Hearth North_Pleasant_Street


Windowed Hearth









Amherst Brewing









Windowed Hearth Phil needs to write this review.

The Windowed Hearth


Traditional American


 Amherst Center

Food 43/60

 Atmosphere 27/30

Attitude 9/10

Value 68/100


Upmarket Restaurant
Wed-Sun 5pm-10pm.
Closed Mon-Tues.

30 Boltwood Ave.
(413) 253-2576

Bar: Full
Credit Cards: Visa, MC, AmEx
Reservations: Recommended



This gracious, old-school dining room, the flagship restaurant of Amherst's august Lord Jeffery Inn, is a longtime favorite for Amherst College graduation dinners, parents' weekends, reunions, and such. While the Inn was built by alumni and opened by the college in 1925, and is still owned by Amherst College, its management is now out sourced to a private company. So popular is the Inn as a place to stay and eat at graduation, in fact, that such reservations need to be made years in advance.

This restaurant's best feature, by far, is its gracious, Yankee- professorial ambiance, which differs from its informal kitchen-mate, Elijah Boltwood's Tavern, in its degree of formality. Here, tables are far more dressed up, for instance, with tablecloths and elaborate place settings. Although the lighting is too bright, the Windowed Hearth is still an appropriate place to sit in front of the fireplace and linger, perhaps over an after-dinner port or cognac. There really is a window built into the hearth, which, as the Inn staff explains, once represented a beacon for tired and lost travelers. Precious few tired and lost travelers these days would be able to afford a $24 filet mignon, but at least we can pretend.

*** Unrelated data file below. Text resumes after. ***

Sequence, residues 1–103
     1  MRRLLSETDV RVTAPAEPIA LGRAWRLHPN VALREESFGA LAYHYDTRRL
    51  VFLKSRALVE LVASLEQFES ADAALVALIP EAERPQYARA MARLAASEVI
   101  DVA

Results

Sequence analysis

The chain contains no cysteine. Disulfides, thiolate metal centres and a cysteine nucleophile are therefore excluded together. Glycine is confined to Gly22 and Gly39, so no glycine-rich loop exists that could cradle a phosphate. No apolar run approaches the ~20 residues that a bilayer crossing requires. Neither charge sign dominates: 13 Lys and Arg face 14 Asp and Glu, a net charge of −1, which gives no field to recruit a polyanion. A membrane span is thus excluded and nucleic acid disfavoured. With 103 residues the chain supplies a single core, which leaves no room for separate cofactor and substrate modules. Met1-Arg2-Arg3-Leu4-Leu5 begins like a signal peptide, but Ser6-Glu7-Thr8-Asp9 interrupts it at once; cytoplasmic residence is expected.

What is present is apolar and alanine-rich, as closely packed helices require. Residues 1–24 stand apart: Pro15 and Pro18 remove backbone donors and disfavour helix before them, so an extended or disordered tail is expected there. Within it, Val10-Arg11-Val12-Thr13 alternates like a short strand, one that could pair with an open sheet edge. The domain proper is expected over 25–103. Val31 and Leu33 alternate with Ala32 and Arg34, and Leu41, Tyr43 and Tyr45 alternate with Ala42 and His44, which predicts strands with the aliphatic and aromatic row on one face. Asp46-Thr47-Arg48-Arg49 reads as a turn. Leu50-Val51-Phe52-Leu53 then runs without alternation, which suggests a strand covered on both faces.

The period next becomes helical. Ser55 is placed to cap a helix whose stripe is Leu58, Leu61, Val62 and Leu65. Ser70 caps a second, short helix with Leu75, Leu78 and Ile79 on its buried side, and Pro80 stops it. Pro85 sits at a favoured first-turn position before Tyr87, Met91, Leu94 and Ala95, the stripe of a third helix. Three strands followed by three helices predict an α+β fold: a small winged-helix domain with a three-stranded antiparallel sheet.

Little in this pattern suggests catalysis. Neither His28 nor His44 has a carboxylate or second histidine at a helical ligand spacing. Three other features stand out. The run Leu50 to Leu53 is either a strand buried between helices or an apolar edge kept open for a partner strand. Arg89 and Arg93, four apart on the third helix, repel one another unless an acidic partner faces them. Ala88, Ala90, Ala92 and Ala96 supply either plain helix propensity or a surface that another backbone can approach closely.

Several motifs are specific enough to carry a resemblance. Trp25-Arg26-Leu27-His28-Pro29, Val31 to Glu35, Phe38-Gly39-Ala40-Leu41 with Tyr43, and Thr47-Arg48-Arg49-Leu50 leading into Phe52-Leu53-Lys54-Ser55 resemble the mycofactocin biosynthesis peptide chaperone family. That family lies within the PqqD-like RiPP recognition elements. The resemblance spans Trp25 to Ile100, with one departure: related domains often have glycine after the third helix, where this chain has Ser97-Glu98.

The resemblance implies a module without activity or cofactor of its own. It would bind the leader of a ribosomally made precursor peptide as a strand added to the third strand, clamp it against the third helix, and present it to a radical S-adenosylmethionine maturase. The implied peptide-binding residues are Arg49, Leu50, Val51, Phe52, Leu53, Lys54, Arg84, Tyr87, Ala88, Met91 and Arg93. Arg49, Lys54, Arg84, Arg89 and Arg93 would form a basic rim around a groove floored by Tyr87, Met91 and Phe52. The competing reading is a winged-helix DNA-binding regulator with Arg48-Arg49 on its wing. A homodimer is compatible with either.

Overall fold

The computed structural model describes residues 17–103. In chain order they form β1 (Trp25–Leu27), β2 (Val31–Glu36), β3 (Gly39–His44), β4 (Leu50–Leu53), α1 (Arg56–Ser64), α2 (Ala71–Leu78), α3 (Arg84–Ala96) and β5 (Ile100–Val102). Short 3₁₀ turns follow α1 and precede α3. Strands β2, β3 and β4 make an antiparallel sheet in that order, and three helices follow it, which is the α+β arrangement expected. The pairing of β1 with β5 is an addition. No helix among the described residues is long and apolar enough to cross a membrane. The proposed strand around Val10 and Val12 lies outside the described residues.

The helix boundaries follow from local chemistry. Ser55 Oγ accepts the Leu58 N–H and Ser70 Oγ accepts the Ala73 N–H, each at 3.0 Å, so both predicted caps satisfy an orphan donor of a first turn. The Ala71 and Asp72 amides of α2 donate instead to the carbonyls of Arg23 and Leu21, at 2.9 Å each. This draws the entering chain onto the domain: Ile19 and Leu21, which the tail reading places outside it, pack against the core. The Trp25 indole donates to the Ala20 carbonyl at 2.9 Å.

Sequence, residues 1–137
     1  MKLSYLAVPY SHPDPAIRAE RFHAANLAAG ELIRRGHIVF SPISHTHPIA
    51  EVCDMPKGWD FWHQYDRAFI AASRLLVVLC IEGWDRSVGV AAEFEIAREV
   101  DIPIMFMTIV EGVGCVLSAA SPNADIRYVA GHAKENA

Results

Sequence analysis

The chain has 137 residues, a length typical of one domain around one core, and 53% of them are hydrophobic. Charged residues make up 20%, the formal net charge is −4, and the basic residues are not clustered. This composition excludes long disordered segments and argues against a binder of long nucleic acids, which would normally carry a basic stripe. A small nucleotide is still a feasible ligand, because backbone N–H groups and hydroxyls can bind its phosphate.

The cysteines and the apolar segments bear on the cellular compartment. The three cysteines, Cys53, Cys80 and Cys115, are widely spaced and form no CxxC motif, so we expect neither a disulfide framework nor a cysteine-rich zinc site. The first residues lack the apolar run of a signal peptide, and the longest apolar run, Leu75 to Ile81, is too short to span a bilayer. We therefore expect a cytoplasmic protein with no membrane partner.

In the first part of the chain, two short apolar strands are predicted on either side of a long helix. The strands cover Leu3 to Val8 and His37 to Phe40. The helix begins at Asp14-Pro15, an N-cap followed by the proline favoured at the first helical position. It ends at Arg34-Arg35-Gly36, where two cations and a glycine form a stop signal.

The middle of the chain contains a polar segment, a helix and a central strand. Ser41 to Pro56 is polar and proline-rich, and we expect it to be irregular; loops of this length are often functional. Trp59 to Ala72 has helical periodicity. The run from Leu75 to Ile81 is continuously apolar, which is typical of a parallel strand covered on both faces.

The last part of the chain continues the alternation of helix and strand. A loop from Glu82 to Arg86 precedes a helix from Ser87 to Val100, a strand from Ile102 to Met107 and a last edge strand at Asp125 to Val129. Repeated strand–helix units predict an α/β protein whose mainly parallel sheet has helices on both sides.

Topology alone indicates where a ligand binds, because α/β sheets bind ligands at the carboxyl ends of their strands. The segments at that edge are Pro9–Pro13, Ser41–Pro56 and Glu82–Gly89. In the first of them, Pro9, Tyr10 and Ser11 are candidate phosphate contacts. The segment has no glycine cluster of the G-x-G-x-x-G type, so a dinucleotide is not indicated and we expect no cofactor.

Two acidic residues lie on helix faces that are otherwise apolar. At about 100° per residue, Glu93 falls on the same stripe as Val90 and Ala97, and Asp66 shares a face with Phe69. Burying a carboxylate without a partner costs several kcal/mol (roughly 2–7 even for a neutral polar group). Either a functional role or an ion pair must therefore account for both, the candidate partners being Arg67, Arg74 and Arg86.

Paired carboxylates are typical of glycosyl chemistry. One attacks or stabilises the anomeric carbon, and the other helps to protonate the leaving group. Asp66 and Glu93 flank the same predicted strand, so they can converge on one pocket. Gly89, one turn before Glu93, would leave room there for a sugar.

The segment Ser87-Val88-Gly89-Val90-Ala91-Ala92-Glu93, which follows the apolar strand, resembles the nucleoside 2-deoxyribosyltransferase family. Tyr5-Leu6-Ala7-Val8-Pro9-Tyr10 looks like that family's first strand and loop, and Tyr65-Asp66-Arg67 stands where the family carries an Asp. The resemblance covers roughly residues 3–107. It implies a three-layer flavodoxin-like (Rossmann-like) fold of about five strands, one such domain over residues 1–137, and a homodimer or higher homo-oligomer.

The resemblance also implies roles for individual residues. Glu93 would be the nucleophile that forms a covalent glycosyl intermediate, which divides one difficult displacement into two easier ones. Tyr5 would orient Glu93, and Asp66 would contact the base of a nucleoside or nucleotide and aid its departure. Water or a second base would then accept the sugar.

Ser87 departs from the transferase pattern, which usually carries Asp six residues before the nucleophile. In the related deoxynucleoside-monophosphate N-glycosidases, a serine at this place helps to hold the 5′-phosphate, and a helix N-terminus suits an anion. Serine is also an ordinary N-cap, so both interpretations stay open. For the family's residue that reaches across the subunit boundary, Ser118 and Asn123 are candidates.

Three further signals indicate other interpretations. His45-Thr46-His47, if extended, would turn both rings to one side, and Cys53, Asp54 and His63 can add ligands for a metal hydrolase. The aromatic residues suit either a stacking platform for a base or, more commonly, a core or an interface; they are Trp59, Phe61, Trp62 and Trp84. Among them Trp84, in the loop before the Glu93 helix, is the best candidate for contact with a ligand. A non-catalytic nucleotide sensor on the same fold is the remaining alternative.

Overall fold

Although the setting is the main event, the kitchen delivers competent food. At these prices, however, you might well expect more. It's rich, filling, upscale New England food, no more, no less. Dinner rolls are just the sort you're hoping for. For starters, a meaty crab cake with Russian dressing has real crab and good, solid crispiness; it's one of the best around (and there are a lot of crab cakes in these parts). The twin hallmarks of the main courses, however, are expensive ingredients and heavy cream sauces. A grilled filet mignon, which features both of the above, is served with a good bearnaise. A duck breast with port wine and cranberry is another reliable option. Grilled scallops over fettuccine with a tomato, basil, and lobster cream sauce, however, are overbearingly rich, as is "One by Land, Three by Sea," a filet mignon with lobster ravioli and sauce Choron. Even more extreme in the richness department are beef tenderloin tips with leeks, sun-dried tomatoes, and pancetta in a Gorgonzola cream sauce-all served over fettuccine. If cream sauces make you particularly happy, then you'll probably like the food here. Otherwise, you can always look forward to those after-dinner drinks.

Review from The Menu by Robin Goldstein and Clare Murumba, Used with permission.
The Menu may be purchased from by following the link to the left.

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